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Residents fury at tv fee fiasco

TV or not TV? That's the burning question that has divided elderly residents of an Acocks Green sheltered housing accommodation in two.

TV or not TV? That's the burning question that has divided elderly residents of an Acocks Green sheltered housing accommodation in two.

One half of the pensioners living in the Dorsington Road scheme, were awarded a TV licence concession after an application by Birmingham City Council was approved by the Licensing team in Bristol.

This allows them to pay £7.50 instead of the compulsory £139.50 a year.

But for neighbours living in the newer half of the scheme, a separate application was turned down - because of a discrepancy over the warden's working hours.

It's all too confusing for Kevan Harris aged 65, who moved into his property in March 2006 and has been paying the full fee since then.

"It's ridiculous, it's seems the rules are being made up by the licensing board as they go along," he said.

To receive a concession, applicants must be over 60 and for those living in sheltered housing schemes or care homes where the TV is not communal; there must be a full-time warden.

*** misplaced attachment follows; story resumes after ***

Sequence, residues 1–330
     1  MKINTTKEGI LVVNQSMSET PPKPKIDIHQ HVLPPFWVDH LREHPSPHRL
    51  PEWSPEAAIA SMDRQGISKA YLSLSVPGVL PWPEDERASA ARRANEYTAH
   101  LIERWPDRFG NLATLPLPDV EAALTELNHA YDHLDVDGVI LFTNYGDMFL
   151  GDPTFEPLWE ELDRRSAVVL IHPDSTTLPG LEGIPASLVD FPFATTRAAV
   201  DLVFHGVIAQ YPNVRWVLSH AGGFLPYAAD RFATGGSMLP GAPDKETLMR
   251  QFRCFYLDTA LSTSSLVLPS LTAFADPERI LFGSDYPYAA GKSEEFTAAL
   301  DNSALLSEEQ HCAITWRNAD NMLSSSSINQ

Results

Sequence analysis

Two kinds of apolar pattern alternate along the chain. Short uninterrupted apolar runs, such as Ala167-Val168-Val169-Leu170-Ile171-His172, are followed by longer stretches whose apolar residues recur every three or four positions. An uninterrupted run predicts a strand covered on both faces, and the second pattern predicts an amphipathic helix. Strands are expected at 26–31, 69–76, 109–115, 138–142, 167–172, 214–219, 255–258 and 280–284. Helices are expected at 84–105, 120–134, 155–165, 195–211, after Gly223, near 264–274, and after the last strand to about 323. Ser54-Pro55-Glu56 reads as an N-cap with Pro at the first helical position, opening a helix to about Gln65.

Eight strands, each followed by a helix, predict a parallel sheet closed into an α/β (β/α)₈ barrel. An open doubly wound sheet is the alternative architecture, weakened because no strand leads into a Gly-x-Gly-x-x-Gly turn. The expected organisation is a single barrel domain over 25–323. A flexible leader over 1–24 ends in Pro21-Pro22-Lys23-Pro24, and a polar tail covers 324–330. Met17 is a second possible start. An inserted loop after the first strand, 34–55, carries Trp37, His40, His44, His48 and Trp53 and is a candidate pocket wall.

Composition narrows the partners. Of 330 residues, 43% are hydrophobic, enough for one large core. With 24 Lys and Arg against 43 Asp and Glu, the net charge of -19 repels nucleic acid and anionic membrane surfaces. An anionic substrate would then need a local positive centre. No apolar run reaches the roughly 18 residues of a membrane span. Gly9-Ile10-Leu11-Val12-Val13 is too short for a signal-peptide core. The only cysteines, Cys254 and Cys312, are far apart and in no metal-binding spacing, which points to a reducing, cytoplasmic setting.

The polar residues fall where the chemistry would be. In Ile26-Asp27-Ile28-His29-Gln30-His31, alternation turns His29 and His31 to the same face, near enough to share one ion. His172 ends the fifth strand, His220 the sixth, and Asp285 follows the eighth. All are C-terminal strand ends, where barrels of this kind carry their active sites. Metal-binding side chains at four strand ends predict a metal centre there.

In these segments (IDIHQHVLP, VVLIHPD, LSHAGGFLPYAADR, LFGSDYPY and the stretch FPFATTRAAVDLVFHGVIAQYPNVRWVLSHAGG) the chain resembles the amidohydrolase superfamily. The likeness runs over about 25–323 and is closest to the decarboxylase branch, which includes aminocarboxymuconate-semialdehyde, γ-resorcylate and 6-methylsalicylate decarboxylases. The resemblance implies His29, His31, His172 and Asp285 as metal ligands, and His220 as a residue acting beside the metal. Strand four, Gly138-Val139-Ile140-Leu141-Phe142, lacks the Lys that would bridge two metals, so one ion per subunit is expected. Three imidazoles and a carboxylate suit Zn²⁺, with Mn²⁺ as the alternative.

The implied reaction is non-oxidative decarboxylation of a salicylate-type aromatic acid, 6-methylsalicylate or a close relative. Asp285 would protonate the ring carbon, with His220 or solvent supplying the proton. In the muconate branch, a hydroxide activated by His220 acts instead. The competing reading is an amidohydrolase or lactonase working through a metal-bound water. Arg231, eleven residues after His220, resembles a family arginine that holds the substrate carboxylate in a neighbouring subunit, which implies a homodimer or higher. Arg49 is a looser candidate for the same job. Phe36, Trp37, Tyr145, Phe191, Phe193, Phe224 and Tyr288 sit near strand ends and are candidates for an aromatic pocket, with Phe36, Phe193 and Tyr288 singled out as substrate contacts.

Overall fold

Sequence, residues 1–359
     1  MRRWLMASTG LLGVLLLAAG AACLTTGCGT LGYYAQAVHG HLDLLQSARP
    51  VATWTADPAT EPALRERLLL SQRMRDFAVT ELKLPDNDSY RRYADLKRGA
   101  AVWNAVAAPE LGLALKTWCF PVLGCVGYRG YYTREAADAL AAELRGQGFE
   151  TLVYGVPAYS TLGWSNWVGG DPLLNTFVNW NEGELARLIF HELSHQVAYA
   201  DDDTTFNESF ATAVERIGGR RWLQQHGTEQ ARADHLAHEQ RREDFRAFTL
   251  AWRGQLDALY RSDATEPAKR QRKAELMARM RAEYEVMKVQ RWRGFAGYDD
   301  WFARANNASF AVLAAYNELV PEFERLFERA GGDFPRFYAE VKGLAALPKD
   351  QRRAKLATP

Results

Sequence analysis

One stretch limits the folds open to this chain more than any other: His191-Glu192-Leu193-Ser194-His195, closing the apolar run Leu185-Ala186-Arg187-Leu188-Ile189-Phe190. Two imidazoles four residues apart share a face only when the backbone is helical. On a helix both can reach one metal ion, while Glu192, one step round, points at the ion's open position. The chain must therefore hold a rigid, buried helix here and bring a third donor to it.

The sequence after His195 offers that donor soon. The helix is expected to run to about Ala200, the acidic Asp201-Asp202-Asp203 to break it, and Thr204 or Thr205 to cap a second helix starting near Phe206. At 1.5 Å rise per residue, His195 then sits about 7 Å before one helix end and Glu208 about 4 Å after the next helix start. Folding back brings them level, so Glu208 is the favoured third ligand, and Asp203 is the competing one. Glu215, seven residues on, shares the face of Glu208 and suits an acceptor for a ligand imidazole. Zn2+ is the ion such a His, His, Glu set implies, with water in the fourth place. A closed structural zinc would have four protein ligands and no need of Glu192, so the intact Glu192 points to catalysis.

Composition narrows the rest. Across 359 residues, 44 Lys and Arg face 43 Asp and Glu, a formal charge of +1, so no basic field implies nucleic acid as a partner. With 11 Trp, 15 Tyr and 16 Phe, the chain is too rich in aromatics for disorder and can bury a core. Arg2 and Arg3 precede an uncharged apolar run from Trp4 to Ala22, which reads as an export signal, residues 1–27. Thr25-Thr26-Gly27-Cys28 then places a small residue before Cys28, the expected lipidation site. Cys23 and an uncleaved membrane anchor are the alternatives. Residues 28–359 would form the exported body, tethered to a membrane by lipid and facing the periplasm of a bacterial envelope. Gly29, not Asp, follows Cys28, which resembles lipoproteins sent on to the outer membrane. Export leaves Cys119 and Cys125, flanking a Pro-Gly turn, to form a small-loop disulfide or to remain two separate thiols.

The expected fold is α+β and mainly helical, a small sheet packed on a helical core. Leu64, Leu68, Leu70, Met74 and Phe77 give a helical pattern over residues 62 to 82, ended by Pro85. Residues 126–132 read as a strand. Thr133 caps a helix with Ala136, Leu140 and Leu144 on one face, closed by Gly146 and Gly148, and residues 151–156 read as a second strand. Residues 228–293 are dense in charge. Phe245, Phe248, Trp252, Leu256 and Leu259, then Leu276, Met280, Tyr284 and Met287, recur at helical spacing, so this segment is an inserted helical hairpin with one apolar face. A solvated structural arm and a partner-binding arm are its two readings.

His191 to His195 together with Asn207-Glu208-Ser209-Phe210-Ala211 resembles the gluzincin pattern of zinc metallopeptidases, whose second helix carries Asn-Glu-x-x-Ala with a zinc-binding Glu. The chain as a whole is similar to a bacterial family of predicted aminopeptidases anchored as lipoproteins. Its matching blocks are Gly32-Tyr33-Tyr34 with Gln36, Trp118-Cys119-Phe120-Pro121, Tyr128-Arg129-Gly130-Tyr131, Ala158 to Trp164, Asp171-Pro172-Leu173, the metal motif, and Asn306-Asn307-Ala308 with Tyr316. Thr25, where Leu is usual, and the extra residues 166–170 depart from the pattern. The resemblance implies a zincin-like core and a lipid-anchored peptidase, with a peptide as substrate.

The retired serviceman firmly believes his side of the road easily matches the criteria and blames the council for not being clear about the warden when the application was made.

"We pay around £10 a week for a full time warden who splits her time equally between both halves of the road. "It doesn't make sense that some residents can be granted an allowance, while the rest of us are made to pay."

Wheelchair-bound Kevan counts watching TV as one a few luxuries he enjoys. "I don't drink and I rarely go out.

"I only watch TV for Ceefax when cricket is on or the 24 hour news channel so it's not even worth paying over £100 a year."

He claims to have "spent a small fortune" on phone calls to the council and the licensing board but vowed to keep going until it was resolved.

A Birmingham City Council spokesman said: "The City Council has asked TV Licensing in Bristol to review its decision not to award concessions to a number of properties in Dorsington Road, however they have declined our request."

A TV Licensing spokesman said they were "sorry for any inconvenience" caused and stated they were abiding by rules laid down by the Government. "To qualify for a concessionary ARC Licence, a sheltered accommodation scheme must employ a warden who lives within the boundary or works a minimum of 30 hours per week within the boundary of the scheme.

"In this instance, numbers 82-136 Dorsington Road do not qualify for the concession as the warden is only there on a part time basis.

"We can confirm that numbers 2-80 Dorsington Road do however qualify for the concession due to a historical eligibility for the concession which TV Licensing has agreed to continue for current residents. New residents to these addresses would have to pay the full amount."



Cathrina Hulse
Multimedia Journalist
Annette Belcher
Multimedia Journalist
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